7. "Eyewitness: Villager describes attack". BBC News. July 2, 2002. http://news.bbc.co.uk/1/hi/world/south_asia/2082306.stm. Retrieved May 15, 2012. 
  8. 8.0 8.1 8.2 8.3 Civilians reported killed by airstrikes as NATO hunts Taliban.
  9. "Pentagon team to examine bomb error". BBC News. July 8, 2002. http://news.bbc.co.uk/1/hi/world/south_asia/2116942.stm. 
  10. Rory McCarthy (February 13, 2003). "17 Afghan villagers 'killed in American bombing raids'". London: Guardian. http://www.guardian.co.uk/world/2003/feb/13/afghanistan.rorymccarthy. Retrieved May 15, 2012. 
  11. John Pike. "Afghanistan Report 25 September 2003". Globalsecurity.org. http://www.globalsecurity.org/military/library/news/2003/09/33-250903.htm. Retrieved May 15, 2012. 
  12. "The Massacre at Aranas on the Waygal River, Nuristan Province". Rawa.org. http://www.rawa.org/temp/runews/2008/07/16/the-massacre-at-aranas-on-the-waygal-river-nuristan-province.html?mghash=3d9ec7a89a1d9b7837181d63ac50797b&mggal=2. Retrieved May 15, 2012. 
  13. "US denies Afghan civilians killed". BBC News. November 17, 2003. http://news.bbc.co.uk/2/hi/south_asia/3278525.stm. Retrieved May 15, 2012. 
  14. CNN News; "Afghans understand deaths – U.S." December 7, 2003. Retrieved July 16, 2006.[dead link]
  15. Published: January 20, 2004 (January 20, 2004). "11 Civilians Reported Killed In a U.S. Raid In Afghanistan". New York Times. http://query.nytimes.com/gst/fullpage.html?res=980DE7DA1539F933A15752C0A9629C8B63. Retrieved May 15, 2012. 
  16. United States Department of Defense[dead link]
  17. "US military reprisal in Afghanistan kills 17 civilians". Wsws.org. July 8, 2005. http://www.wsws.org/articles/2005/jul2005/afgh-j08.shtml. Retrieved May 15, 2012. 
  18. "'Zawahiri' strike sparks protest". BBC News. January 14, 2006. http://news.bbc.co.uk/2/hi/south_asia/4613108.stm. Retrieved May 15, 2012. 
  19. "Canadian soldiers fatally shoot taxi driver". Cbc.ca. March 15, 2006. http://www.cbc.ca/world/story/2006/03/15/afghanistan_taxi060315.html. Retrieved May 15, 2012.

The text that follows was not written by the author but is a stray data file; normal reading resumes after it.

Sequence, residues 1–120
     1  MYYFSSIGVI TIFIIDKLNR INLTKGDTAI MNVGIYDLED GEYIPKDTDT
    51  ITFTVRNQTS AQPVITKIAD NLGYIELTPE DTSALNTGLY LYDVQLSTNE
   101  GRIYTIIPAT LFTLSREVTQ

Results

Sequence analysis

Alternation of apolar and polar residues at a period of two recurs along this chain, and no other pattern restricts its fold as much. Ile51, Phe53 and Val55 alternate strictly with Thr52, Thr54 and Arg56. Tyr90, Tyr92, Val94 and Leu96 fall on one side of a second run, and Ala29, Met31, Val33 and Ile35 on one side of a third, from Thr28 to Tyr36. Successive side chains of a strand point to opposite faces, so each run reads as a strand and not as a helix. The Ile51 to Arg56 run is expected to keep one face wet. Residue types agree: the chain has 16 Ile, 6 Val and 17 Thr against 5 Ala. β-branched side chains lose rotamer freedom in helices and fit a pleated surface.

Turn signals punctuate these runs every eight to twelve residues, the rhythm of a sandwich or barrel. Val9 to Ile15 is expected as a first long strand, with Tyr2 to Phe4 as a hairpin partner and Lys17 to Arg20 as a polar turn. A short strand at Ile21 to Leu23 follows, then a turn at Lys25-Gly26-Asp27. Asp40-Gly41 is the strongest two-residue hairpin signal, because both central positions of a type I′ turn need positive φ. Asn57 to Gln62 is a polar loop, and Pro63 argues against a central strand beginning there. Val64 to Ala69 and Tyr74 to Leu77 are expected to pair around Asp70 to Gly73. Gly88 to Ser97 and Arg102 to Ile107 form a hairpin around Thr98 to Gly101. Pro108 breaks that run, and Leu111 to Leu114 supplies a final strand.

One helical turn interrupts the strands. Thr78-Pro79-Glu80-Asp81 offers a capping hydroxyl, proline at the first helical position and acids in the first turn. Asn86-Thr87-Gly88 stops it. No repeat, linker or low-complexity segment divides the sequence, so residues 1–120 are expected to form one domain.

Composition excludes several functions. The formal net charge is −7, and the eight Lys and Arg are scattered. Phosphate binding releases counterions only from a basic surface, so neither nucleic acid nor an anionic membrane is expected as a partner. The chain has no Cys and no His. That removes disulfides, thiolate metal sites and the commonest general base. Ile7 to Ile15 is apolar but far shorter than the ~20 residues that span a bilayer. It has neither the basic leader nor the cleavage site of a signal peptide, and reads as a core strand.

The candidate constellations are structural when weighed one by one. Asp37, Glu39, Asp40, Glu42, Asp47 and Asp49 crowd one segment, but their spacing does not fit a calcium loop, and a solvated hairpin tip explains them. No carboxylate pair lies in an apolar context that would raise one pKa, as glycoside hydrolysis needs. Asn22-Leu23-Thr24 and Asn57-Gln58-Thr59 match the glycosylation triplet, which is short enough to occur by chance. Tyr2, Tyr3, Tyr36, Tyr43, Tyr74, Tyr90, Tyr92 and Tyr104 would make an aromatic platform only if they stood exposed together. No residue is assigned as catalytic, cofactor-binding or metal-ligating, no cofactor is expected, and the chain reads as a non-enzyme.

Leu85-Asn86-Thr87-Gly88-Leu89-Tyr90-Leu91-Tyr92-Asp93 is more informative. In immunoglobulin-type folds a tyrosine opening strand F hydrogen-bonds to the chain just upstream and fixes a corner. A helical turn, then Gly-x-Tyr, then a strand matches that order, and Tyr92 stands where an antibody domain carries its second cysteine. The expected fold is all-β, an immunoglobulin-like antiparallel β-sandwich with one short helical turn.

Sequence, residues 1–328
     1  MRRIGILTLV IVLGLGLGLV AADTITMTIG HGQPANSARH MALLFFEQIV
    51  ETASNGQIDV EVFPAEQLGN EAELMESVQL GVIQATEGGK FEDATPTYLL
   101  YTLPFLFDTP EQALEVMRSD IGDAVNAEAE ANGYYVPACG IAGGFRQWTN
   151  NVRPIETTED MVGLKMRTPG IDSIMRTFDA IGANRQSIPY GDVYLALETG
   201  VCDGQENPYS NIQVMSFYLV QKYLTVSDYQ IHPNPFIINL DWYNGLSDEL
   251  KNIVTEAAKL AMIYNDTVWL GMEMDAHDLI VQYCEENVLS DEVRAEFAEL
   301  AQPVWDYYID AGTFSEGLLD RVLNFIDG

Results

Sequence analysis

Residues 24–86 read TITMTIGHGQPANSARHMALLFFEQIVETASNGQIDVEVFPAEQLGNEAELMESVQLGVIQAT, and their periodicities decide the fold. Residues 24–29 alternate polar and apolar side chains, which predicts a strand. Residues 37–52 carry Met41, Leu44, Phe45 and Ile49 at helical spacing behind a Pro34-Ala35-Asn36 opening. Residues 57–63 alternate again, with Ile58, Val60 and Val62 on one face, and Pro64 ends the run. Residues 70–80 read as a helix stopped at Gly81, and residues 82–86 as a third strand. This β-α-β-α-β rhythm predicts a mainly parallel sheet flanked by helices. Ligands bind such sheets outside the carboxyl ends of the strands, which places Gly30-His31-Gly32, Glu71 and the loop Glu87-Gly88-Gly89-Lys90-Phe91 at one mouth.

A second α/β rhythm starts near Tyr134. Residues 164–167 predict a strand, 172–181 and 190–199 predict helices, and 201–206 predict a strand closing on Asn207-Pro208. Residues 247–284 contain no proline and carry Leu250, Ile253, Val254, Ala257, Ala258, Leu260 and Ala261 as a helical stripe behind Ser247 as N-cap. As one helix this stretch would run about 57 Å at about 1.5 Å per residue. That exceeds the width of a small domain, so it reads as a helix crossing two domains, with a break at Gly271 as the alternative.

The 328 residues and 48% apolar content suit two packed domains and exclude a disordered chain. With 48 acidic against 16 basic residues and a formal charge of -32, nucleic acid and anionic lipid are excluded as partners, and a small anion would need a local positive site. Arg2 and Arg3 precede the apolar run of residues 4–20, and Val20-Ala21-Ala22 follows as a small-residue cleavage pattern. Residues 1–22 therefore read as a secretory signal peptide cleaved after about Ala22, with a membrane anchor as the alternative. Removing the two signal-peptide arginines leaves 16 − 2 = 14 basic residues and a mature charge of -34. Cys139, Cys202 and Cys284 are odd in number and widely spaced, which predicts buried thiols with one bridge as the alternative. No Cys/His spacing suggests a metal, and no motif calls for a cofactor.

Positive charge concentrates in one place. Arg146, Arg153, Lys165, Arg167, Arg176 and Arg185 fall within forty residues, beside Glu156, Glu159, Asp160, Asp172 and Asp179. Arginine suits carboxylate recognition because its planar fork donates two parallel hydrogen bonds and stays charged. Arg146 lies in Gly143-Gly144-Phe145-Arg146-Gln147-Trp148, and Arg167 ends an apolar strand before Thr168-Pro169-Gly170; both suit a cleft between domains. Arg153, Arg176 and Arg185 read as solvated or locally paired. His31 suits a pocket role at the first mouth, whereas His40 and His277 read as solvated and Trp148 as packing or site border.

20. Online NewsHour (May 22, 2006). "Coalition Air Strike Kills 80 Taliban Rebels in Afghanistan". Pbs.org. http://www.pbs.org/newshour/updates/asia/jan-june06/afghanistan_05-22.html. Retrieved May 15, 2012. 
  21. Star, Windsor (August 24, 2006). "Bullet fired by Canadian soldier kills Afghan boy". Canada.com. http://www.canada.com/nationalpost/news/story.html?id=1e3495c1-921a-488f-82e8-d6c4e1f79789&k=41297. Retrieved May 15, 2012. 
  22. "National Post". Canada.com. March 31, 2011. http://www.canada.com/nationalpost/story.html?id=2792d7a4-39d1-4901-943e-added0ff883c. Retrieved May 15, 2012. 
  23. "Probe clears Canadians in Afghan police death". Ctv.ca. October 23, 2006. http://www.ctv.ca/servlet/ArticleNews/story/CTVNews/20061023/military_probe_061023/. Retrieved May 15, 2012. 
  24. "NATO Bombs Kill Scores of Afghan Civilians: Officials". Commondreams.org. October 26, 2006. http://www.commondreams.org/headlines06/1026-08.htm. Retrieved May 15, 2012. 
  25. "UK troops kill Afghan civilians". BBC News. November 16, 2006. http://news.bbc.co.uk/2/hi/south_asia/6155550.stm. Retrieved May 15, 2012. 
  26. "Afghan accidentally killed by Canadian troops". Ctv.ca. December 13, 2006. http://www.ctv.ca/servlet/ArticleNews/story/CTVNews/20061213/afghan_civilian_061213/. Retrieved May 15, 2012.